Senate Republican Leader Tom Kean introduced the “Association Homeowners’ Protection Act of 2015,” to empower more than a million New Jersey residents in homeowners’ associations.

“This vital legislation will protect and empower the more than one million New Jersey residents in condominiums, townhouses and single-family homes who each pay several hundred to several thousand dollars per year in homeowners’ association dues,” Kean said. “Too many hardworking, middle-class homeowners have endured costly, time-consuming and stressful conflicts with obstructionist or nontransparent association administrators or management companies, simply because a 22-year-old state law isn’t as strong or clear as it should be.”


Senator Kean’s Association Homeowners’ Protection Act, S-3235, expands and updates New Jersey’s “Planned Real Estate Development Full Disclosure Act,” which hasn’t been changed since 1993.

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“Without increasing association costs on members, this bill will ensure that member homeowners are granted expedient access to services, records and documents that they need in emergency situations,” Kean said.

The Association Homeowners’ Protection Act:

  • Requires homeowners’ associations to provide upon a member’s request — electronically within 24 hours or hardcopy within 48 hours — a copy of homeowners’ association insurance polices, which are typically needed by a member’s personal home insurance company to begin the claims process;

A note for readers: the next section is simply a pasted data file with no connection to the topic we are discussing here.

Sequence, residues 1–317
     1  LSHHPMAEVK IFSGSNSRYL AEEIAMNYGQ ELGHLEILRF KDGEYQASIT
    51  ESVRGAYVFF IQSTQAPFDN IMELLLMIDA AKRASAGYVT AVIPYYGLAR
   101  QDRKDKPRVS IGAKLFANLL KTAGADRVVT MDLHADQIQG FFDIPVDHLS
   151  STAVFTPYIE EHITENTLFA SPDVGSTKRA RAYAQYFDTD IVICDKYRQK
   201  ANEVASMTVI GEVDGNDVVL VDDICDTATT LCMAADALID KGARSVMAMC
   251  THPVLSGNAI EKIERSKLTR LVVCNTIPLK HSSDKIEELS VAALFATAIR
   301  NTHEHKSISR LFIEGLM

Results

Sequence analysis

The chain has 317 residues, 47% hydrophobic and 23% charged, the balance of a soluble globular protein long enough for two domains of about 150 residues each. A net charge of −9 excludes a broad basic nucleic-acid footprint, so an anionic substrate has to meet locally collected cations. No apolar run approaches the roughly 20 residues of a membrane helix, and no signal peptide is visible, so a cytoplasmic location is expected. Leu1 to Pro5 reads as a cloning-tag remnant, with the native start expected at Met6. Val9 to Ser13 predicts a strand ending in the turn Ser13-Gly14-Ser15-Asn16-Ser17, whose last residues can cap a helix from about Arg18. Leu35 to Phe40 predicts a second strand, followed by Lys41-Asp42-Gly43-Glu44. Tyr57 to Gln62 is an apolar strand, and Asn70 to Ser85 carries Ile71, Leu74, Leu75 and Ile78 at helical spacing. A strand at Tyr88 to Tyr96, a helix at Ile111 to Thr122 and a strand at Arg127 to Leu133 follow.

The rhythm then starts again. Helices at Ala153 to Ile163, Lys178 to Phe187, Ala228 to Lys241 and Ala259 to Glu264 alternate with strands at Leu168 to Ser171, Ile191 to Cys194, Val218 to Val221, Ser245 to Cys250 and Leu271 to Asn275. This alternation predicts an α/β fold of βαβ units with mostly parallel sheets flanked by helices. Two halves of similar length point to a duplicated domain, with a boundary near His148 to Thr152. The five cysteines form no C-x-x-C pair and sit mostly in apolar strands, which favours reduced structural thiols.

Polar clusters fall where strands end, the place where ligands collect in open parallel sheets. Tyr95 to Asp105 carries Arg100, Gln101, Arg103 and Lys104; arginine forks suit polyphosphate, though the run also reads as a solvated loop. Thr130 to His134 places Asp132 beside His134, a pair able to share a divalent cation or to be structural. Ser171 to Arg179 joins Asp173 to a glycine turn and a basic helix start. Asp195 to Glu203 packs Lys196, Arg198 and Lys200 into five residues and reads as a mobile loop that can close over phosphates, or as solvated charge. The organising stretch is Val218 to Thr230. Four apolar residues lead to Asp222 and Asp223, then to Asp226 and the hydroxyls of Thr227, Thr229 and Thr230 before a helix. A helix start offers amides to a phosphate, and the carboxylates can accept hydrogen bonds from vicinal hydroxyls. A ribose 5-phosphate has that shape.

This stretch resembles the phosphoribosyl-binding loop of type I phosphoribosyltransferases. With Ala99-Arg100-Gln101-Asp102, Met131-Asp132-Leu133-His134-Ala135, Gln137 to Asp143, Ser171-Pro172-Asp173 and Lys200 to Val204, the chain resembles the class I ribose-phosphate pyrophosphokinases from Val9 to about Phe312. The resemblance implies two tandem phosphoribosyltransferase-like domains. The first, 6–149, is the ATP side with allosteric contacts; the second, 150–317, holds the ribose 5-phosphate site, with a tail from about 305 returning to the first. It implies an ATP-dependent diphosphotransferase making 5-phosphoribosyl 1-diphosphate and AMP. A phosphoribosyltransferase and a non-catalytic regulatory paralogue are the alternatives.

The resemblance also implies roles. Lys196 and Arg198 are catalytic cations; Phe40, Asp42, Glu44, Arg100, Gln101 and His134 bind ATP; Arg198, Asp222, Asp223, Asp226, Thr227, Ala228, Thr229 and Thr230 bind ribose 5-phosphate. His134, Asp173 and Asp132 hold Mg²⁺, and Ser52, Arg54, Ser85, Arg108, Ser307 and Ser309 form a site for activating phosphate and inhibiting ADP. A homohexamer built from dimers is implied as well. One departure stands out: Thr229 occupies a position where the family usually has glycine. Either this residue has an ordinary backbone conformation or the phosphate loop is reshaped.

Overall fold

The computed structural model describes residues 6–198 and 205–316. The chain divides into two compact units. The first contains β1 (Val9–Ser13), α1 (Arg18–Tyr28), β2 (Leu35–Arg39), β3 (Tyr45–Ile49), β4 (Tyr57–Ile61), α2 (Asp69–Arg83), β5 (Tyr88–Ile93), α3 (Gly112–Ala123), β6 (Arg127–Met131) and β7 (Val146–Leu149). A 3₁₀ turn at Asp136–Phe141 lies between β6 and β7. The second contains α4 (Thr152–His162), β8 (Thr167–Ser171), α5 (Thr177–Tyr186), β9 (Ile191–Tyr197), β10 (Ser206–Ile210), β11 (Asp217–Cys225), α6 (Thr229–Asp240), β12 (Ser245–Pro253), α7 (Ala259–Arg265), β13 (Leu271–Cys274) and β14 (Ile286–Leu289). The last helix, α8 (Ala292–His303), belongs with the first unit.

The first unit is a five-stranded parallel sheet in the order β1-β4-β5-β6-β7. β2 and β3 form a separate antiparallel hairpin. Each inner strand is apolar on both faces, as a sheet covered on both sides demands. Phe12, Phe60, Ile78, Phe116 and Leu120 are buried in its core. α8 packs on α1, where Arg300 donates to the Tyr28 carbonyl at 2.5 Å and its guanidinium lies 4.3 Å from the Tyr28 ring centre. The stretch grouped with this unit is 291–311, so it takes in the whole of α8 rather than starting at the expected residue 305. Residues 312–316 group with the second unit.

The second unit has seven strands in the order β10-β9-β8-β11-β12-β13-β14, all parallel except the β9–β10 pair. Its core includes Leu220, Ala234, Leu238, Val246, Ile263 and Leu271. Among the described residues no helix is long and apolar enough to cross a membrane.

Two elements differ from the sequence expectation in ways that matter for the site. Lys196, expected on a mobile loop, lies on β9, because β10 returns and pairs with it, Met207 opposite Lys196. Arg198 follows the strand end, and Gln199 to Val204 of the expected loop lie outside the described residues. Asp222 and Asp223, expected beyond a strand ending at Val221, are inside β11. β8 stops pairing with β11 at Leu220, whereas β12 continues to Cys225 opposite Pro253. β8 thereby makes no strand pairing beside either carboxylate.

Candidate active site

• Requires homeowners’ associations to provide a 24-hour emergency phone number for members, which can be fulfilled via an existing phone line, manager’s mobile line or rotating call forwarding setup;
  • Requires homeowners’ associations to provide upon a member’s request — electronically within one business day or hardcopy within two business days — a roster of current association board members; contact information for each current board member, consisting of a private electronic mail address by which a board member can be contacted directly by association members; board election dates and application forms for candidacy; the most-recently adopted annual budget; and insurance information for any policy held by an association, including the name of insurance companies, the name of the broker or provider of the insurance policy, and any applicable policy numbers.

Association Homeowners’ Protection Act would not affect residential home or apartment owners who do not belong to common interest communities. It is not retroactive but the aforementioned new requirements must be adopted by associations the next time they change bylaws or when new bylaws are adopted.

This legislation was inspired, in part, by constituents who hit homeowners’ association roadblocks when they tried to address damage to their properties after June 23 South Jersey storms, which caused more than $15 million in damages and thousands of property insurance claims.

“This legislation makes abundantly clear the duties that association managers must provide their members in a transparent fashion, without question or obstruction,” Kean added. “I’m hopeful that with bipartisan sponsorship and support this bill will be quickly passed.”